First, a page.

The absolute highlight for me this year was the Spitfire flypast at the Battle of Britain memorial at Capel Le Ferne.  That morning I had risen at 4:30am, cycled into the dock at Calais the promised 4 miles (along with the remaining 3.87!) and gently cruised across to Dover.  The next stage was a 7 mile uphill ride (a bit of a struggle for me by then – thanks Keith!) to the memorial where tea, biscuits and other wonderful refreshments beckoned.  A moving ceremony with the Peddling Padre (Fr Roger), the British Legion standard bearers completed the atmosphere; and then the Spitfire turned up!

I hope to blog a few photos here later, but I need another rest!  But in the meantime, the crosses for my 2 Great Great Uncles at Thiepval will have to do

Bye for now!

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97 years later

I\’m sat killing time in the sun after visiting the wounded warriors stand at Canada day in Trafalgar Square, before a meeting later today. 

In 1916, almost certainly by this time of the day, my Great-Great Uncle David Bryant lay dead on the battlefield of the Somme. 

Although he was known of by family then, my grandfather never spoke of his namesake Uncle (both David Albert) to my father, and it was only in 2009 when my mother found some interesting names on her family history trawl that GGUncle Bryant and his brother (Arthur George) came to light. 

Since then we\’ve pieced together bits and pieces, spoken to the CWGC and the regimental museum. 

David Albert was in the Rifles Brigade just north of Beaumont Hamel, and just south-west of the infamous German quadrilateral which dominated the area. 1st RB on the map below.

Corporal Bryant (he had been recently promoted from L/Cpl although his name is listed as L/Cpl at CWGC) went into attack, and was one of 20,000 casualties on that first day. As with over 72,000 other in the whole Somme Campaign, his body was never identified. He might be a \”Known Unto God\” burial, or he might have been lost in the Somme killing fields for ever.
Somewhere in the distance here:

Three years ago I took my father for the first and last time to Thiepval to pay our respects at the place where he is remembered, and then to Bernafay Wood where his brother (3/9/1916) lies. The following year my wife and I went to repeat the visits.
Last year with Help for Heroes I visited him again, and had the honour to be part of the wreath laying ceremony (in my head it was for him), and all the others.
This year again with Help for Heroes I took custom poppy crosses for them and laid them at Thiepval.

Today, in good weather and having met again with Wounded Warriors of Canada it is time to reflect and remember.

Twenty thousand, in one day. What were we thinking of?

As WW say \” Honour the Fallen, Help the Living\”

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#BBBR13 the Hero Ride (day 6)

I\’m in a red (army!!) shirt. This was a really nice pootle through the city from Blackheath.  All but 1 traffic light set could be completely ignored, cheering crowds all the way.

What a way to finish the week!

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#BBBR13 Day 1 – Paris to Compiegne

We left bright and ready from the basement car park up a ridiculously steep ramp (I walked!) into a drizzly Paris morning.  The morning traffic was, ahem, entertaining; and the pavé even more so, but after a few miles we arrived at our departure point (!).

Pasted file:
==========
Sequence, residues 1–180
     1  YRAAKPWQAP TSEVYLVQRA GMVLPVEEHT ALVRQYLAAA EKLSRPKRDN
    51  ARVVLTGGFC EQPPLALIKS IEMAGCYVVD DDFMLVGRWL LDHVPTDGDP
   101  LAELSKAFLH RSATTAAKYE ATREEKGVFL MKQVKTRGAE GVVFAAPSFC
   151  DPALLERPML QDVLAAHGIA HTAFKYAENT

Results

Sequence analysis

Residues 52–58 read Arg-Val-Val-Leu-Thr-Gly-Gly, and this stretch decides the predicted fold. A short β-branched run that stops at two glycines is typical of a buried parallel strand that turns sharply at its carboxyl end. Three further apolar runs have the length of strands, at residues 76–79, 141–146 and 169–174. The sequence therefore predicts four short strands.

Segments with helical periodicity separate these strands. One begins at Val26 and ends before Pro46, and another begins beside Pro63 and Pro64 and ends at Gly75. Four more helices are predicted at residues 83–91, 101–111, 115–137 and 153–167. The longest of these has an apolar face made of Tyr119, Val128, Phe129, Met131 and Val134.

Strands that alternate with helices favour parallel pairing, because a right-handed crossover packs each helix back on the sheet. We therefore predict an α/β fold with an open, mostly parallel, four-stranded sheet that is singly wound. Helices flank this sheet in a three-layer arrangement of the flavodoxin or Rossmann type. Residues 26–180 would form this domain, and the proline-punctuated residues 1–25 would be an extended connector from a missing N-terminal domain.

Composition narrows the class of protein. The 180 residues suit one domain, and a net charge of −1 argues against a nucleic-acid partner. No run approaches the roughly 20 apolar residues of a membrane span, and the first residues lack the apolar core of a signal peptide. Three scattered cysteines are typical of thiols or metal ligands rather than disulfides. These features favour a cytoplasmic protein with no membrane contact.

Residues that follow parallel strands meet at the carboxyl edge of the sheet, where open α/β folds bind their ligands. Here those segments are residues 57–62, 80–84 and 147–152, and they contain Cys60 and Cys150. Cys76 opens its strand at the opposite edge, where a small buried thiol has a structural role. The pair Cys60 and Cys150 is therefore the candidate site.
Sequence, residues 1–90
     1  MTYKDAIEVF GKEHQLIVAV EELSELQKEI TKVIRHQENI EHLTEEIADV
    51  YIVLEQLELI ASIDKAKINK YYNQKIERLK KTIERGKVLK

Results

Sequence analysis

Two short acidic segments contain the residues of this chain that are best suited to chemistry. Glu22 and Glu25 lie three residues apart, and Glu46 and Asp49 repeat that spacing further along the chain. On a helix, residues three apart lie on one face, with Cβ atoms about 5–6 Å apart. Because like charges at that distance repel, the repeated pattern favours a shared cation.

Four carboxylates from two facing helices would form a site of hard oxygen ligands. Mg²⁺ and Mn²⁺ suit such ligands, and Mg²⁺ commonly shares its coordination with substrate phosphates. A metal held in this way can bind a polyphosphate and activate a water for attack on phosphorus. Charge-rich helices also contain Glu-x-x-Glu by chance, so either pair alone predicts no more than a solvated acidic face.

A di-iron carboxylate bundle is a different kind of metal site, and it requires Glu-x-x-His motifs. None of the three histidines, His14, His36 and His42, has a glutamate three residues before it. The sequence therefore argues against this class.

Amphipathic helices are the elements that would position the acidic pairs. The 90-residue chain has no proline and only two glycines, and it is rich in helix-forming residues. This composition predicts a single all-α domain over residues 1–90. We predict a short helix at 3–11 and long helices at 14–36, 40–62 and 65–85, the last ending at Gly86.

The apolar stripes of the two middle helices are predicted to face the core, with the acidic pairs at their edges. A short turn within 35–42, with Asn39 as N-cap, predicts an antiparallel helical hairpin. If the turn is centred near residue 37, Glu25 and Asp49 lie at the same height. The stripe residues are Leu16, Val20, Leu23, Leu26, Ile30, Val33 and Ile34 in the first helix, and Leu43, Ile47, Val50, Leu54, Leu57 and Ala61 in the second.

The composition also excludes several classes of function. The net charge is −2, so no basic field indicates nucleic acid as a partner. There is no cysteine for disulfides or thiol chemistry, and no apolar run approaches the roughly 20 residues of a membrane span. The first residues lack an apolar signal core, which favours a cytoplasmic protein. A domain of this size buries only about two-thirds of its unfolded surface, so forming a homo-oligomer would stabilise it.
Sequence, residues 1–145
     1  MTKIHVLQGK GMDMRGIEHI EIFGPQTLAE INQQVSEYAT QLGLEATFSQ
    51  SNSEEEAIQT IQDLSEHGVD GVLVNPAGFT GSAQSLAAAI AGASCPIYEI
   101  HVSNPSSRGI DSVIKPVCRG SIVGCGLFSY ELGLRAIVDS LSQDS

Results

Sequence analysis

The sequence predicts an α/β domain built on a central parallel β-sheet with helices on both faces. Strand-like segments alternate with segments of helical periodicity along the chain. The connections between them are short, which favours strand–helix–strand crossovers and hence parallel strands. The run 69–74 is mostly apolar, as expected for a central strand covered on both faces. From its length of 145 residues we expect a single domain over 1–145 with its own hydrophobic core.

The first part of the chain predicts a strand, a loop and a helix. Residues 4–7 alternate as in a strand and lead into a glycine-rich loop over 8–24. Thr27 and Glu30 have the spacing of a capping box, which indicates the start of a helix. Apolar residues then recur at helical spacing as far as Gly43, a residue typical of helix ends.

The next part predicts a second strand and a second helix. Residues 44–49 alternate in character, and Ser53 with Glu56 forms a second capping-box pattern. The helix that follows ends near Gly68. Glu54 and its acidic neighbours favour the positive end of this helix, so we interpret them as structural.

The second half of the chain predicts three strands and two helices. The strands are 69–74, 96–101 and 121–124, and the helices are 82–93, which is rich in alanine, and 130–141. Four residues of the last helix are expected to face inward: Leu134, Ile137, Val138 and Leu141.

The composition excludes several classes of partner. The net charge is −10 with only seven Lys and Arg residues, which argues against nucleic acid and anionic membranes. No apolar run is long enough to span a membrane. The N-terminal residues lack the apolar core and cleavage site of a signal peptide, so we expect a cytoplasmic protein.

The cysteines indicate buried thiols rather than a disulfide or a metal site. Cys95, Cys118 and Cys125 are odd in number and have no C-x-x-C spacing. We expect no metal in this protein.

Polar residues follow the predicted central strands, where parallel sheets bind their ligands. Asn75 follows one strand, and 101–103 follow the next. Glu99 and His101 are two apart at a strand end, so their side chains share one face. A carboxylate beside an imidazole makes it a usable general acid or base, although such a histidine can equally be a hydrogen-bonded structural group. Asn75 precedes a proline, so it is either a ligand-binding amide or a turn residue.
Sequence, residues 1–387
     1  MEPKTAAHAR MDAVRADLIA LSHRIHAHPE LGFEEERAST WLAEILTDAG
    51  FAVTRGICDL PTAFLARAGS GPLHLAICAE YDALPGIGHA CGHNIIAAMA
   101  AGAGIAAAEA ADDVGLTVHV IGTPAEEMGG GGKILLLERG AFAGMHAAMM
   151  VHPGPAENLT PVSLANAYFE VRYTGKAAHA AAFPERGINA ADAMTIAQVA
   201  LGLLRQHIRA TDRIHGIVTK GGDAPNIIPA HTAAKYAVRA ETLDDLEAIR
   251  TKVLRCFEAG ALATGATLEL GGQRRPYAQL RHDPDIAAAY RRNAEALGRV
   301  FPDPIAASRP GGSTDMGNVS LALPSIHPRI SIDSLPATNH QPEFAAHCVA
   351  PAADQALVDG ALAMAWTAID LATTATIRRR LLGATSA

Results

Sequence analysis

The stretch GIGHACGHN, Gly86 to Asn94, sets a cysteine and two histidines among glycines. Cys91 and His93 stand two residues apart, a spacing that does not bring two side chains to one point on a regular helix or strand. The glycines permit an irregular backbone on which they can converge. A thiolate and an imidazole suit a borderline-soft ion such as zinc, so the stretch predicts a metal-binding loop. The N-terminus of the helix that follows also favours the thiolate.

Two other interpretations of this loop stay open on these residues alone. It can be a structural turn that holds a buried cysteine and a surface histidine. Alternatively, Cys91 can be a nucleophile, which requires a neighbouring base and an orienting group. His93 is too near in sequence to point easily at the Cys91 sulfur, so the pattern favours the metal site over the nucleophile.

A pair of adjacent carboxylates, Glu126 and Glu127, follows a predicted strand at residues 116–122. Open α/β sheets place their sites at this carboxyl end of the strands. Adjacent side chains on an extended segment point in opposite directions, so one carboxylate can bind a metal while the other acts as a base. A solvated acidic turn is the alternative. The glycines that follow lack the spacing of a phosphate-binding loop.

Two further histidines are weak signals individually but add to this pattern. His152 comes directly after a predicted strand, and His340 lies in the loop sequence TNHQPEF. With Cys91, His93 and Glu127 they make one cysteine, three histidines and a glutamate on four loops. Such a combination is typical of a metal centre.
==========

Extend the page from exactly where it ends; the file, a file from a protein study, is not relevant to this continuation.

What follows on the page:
Then followed the usual (for me) first day experience of a Big Battlefield Bike Ride – a bit of hanging around.  Because of the likely dignitaries who would be coming, the riders need to be there in plenty of time.  But to keep us jolly us we had a French military band who kept us entertained – their choice of tunes was certainly geared to their audience!

 A few shots from around L\’Hotel

 The dignitaries arrived and the speeches start

at this point there is a large gap in the photo record – about 50-60 miles worth!  That\’s because it was mainly cold and wet during the day, and the focus was on getting the miles done!  So here is the memorial and clearing at Compiegne at which we arrived very much later in the day after (for me) a slashed tyre and inner tube, and a few assists at other punctures.

It was now only a few more miles to the hotel, and finally I arrived.  To find I had travelled 7 miles further than I needed and was at the wrong hotel!  A lift back from the DA support crew and straight into dinner.
Unfortunately time was short and I was rushed to the table and spent the next hour or two dining in some very wet cycling gear. It seemed nothing at the time, but that was going to come back and bite me later on…

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#BBBR13 – the official videos

I\’m publishing a few videos of my own here, but Help For Heroes have the official ones on youtube, so – here they are!

Day 1 – Paris to Compiegne

Day 2 – Compiegne to Amiens (fancy dress day!)

Day 3 – Amiens to Le Touquet

Day 4 – Le Touquet to Calais

I\’m hoping day 5 (Calais to Chatham) and the Hero Ride will be up soon 
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#BBBR13 Day 0 – London to Paris

Rising rather early for a bank holiday, it was into the car and down to the station; hoping all the while that FCC and National Rail would not conspire against us and put a replacement bus service (no bikes!) at the last minute.
Hurrah! No!
So on board, and soon exchanging texts with friends to see how their journeys were going – all well.  A good sign (along with the bright sunny weather).

Arriving in Kings Cross just under two hours later it was a short walk round the corner to the meet up point where upon our first surprise awaited us – our bags were to travel with us. Damn!  Wish I had brought the back pack straps for the main bag – it would have made life a bit easier.

Not surprisingly, the meeting point seemed to be the Champagne Bar at St Pancras.  So, there I headed where in short order I bumped into loads of fellow riders from last year, and of course my team mate, Keith

Within 20 minutes of entering France we (all of us – not Keith and me!) had drunk the train dry 🙂

A coach transfer, a briefing, a shopping trip to the WoundedWarriors.CA cycle store (an impromptu popup store from kit bags outside the bar!) and dinner.

The plan was for an early call and then on the bikes after breakfast to head down to the L\’Hôtel national des Invalides for the official start.  However the diggers on the site outside the hotel window (see below) decided to do that for us a few times in the night. Damn!